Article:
US20060117046A1 - Distributed storage network - Google Patents

Distributed storage network Download PDF

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US20060117046A1
US20060117046A1 US10/541,061 US54106103A US2006117046A1 US 20060117046 A1 US20060117046 A1 US 20060117046A1 US 54106103 A US54106103 A US 54106103A US 2006117046 A1 US2006117046 A1 US 2006117046A1
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storage
code
computers
host
computer
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US8463867B2 (en
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Derrick Robertson
Paul Mckee
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British Telecommunications PLC
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British Telecommunications PLC
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Priority to GB0322862.4 priority
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Priority to PCT/GB2003/005699 priority patent/WO2004059533A2/en
Assigned to BRITISH TELECOMMUNICATIONS PUBLIC LIMITED COMPANY reassignment BRITISH TELECOMMUNICATIONS PUBLIC LIMITED COMPANY ASSIGNMENT OF ASSIGNORS INTEREST (SEE DOCUMENT FOR DETAILS). Assignors: MCKEE, PAUL FRANCIS, ROBERTSON, DERRICK DIARMUID
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    • HELECTRICITY
    • H04ELECTRIC COMMUNICATION TECHNIQUE
    • H04LTRANSMISSION OF DIGITAL INFORMATION, e.g. TELEGRAPHIC COMMUNICATION
    • H04L67/00Network-specific arrangements or communication protocols supporting networked applications
    • H04L67/10Network-specific arrangements or communication protocols supporting networked applications in which an application is distributed across nodes in the network
    • H04L67/104Network-specific arrangements or communication protocols supporting networked applications in which an application is distributed across nodes in the network for peer-to-peer [P2P] networking; Functionalities or architectural details of P2P networks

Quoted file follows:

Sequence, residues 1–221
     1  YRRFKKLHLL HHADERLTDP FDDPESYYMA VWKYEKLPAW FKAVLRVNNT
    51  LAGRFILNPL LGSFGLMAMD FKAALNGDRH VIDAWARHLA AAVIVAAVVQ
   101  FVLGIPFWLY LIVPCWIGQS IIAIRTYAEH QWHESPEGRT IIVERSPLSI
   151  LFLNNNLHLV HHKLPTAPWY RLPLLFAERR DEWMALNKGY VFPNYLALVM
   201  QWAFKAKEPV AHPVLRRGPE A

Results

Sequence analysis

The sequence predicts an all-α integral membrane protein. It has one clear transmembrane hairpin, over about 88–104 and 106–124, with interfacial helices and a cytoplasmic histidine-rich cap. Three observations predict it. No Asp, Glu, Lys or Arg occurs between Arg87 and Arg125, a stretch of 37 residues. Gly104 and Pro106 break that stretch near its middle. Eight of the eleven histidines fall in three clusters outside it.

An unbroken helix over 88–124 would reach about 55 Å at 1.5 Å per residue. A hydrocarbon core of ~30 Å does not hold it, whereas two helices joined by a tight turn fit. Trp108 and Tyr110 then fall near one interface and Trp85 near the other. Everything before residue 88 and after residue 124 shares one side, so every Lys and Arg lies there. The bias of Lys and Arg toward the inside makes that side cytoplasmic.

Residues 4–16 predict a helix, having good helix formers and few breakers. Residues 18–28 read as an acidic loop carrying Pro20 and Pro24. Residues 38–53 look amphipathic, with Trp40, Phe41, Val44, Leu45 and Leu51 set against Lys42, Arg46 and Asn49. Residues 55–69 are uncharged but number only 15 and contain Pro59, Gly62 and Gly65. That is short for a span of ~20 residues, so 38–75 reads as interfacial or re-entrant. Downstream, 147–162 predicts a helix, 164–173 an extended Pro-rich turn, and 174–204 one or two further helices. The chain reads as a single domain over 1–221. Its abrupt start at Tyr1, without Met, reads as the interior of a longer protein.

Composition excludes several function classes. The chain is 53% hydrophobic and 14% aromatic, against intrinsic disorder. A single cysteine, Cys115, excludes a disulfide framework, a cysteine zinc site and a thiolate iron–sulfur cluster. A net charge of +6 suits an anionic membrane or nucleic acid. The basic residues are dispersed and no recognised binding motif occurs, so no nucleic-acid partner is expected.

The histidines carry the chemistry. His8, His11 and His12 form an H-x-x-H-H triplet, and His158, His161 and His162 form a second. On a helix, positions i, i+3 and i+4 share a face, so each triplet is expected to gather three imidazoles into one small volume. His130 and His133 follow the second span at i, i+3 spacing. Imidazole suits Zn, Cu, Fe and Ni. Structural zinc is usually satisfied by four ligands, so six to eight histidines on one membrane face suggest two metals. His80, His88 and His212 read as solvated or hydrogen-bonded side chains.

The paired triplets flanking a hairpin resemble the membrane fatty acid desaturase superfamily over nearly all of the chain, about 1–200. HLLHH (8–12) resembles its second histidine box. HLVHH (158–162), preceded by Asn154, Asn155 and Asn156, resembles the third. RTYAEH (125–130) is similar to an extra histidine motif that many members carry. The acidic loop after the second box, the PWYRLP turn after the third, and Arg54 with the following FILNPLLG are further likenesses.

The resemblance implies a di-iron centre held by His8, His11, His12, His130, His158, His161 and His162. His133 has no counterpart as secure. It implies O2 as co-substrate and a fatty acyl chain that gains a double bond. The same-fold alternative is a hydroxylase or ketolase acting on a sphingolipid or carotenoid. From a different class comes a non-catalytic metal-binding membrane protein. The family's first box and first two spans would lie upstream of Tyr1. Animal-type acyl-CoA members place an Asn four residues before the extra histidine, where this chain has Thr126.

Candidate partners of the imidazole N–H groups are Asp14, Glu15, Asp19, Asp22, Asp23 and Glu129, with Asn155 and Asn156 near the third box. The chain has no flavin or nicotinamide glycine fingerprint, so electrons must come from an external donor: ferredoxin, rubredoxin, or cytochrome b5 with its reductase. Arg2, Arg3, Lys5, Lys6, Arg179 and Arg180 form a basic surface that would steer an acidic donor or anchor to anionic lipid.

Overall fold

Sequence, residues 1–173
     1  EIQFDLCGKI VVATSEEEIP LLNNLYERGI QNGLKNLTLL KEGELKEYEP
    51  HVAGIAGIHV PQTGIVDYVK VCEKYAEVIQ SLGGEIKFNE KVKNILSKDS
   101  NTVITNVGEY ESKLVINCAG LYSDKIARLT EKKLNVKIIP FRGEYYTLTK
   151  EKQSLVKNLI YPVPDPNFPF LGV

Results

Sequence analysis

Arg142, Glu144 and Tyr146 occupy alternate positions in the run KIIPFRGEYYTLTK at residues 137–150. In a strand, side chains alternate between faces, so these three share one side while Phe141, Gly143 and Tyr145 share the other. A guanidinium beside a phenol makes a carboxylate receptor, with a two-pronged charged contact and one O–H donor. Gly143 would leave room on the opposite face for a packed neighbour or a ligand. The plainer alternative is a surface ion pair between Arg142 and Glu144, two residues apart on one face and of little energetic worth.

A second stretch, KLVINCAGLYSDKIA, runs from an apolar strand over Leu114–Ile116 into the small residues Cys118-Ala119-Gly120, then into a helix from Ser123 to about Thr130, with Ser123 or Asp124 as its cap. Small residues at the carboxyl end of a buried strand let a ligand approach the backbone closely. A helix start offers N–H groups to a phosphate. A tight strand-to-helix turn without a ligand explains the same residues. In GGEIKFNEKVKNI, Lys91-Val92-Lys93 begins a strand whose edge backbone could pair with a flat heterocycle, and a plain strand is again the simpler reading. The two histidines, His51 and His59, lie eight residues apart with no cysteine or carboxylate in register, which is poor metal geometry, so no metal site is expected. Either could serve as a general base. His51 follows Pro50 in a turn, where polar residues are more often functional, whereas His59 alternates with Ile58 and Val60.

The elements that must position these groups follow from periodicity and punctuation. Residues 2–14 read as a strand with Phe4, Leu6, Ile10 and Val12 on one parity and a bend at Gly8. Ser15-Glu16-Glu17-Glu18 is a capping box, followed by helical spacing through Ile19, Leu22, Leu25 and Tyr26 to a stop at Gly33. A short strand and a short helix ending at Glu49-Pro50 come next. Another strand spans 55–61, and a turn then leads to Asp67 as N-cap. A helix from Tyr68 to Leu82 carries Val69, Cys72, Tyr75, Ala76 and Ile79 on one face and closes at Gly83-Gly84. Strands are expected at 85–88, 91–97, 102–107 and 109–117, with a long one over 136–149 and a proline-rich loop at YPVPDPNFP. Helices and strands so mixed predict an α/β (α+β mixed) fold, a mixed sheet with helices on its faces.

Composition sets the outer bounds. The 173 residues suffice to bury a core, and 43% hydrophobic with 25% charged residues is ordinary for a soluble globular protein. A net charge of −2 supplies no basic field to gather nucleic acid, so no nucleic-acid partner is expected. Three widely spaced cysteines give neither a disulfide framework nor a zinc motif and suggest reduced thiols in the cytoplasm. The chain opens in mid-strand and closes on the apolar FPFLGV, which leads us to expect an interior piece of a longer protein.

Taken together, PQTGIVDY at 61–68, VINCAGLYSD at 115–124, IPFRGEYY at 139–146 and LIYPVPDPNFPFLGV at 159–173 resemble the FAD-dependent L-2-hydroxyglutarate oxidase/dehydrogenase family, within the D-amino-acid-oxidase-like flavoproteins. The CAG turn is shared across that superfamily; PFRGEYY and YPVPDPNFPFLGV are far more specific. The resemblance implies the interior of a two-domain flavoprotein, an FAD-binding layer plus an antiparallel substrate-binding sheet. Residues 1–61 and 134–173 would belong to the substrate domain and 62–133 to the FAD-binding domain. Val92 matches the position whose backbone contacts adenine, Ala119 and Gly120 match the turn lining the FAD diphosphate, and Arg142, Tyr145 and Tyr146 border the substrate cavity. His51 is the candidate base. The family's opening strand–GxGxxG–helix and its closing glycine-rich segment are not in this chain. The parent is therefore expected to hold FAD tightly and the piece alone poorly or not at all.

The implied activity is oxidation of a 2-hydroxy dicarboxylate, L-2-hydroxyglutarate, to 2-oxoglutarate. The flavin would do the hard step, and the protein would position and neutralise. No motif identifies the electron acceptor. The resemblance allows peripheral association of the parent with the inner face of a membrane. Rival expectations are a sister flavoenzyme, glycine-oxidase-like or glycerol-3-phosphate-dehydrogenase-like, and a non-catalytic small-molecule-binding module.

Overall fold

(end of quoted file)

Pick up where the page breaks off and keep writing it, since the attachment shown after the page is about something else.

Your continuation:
• GPHYSICS
    • G06COMPUTING; CALCULATING; COUNTING
    • G06FELECTRIC DIGITAL DATA PROCESSING
    • G06F16/00Information retrieval; Database structures therefor; File system structures therefor
    • G06F16/10File systems; File servers
    • G06F16/11File system administration, e.g. details of archiving or snapshots
    • G06F16/122File system administration, e.g. details of archiving or snapshots using management policies
    • GPHYSICS
    • G06COMPUTING; CALCULATING; COUNTING
    • G06FELECTRIC DIGITAL DATA PROCESSING
    • G06F16/00Information retrieval; Database structures therefor; File system structures therefor
    • G06F16/10File systems; File servers
    • G06F16/18File system types
    • G06F16/182Distributed file systems
    • G06F16/1824Distributed file systems implemented using Network-attached Storage [NAS] architecture
    • HELECTRICITY
    • H04ELECTRIC COMMUNICATION TECHNIQUE
    • H04LTRANSMISSION OF DIGITAL INFORMATION, e.g. TELEGRAPHIC COMMUNICATION
    • H04L67/00Network-specific arrangements or communication protocols supporting networked applications
    • H04L67/10Network-specific arrangements or communication protocols supporting networked applications in which an application is distributed across nodes in the network
    • H04L67/104Network-specific arrangements or communication protocols supporting networked applications in which an application is distributed across nodes in the network for peer-to-peer [P2P] networking; Functionalities or architectural details of P2P networks
    • H04L67/1061Network-specific arrangements or communication protocols supporting networked applications in which an application is distributed across nodes in the network for peer-to-peer [P2P] networking; Functionalities or architectural details of P2P networks involving node-based peer discovery mechanisms
    • H04L67/1068Discovery involving direct consultation or announcement among potential requesting and potential source peers
    • HELECTRICITY
    • H04ELECTRIC COMMUNICATION TECHNIQUE
    • H04LTRANSMISSION OF DIGITAL INFORMATION, e.g. TELEGRAPHIC COMMUNICATION
    • H04L67/00Network-specific arrangements or communication protocols supporting networked applications
    • H04L67/10Network-specific arrangements or communication protocols supporting networked applications in which an application is distributed across nodes in the network
    • H04L67/104Network-specific arrangements or communication protocols supporting networked applications in which an application is distributed across nodes in the network for peer-to-peer [P2P] networking; Functionalities or architectural details of P2P networks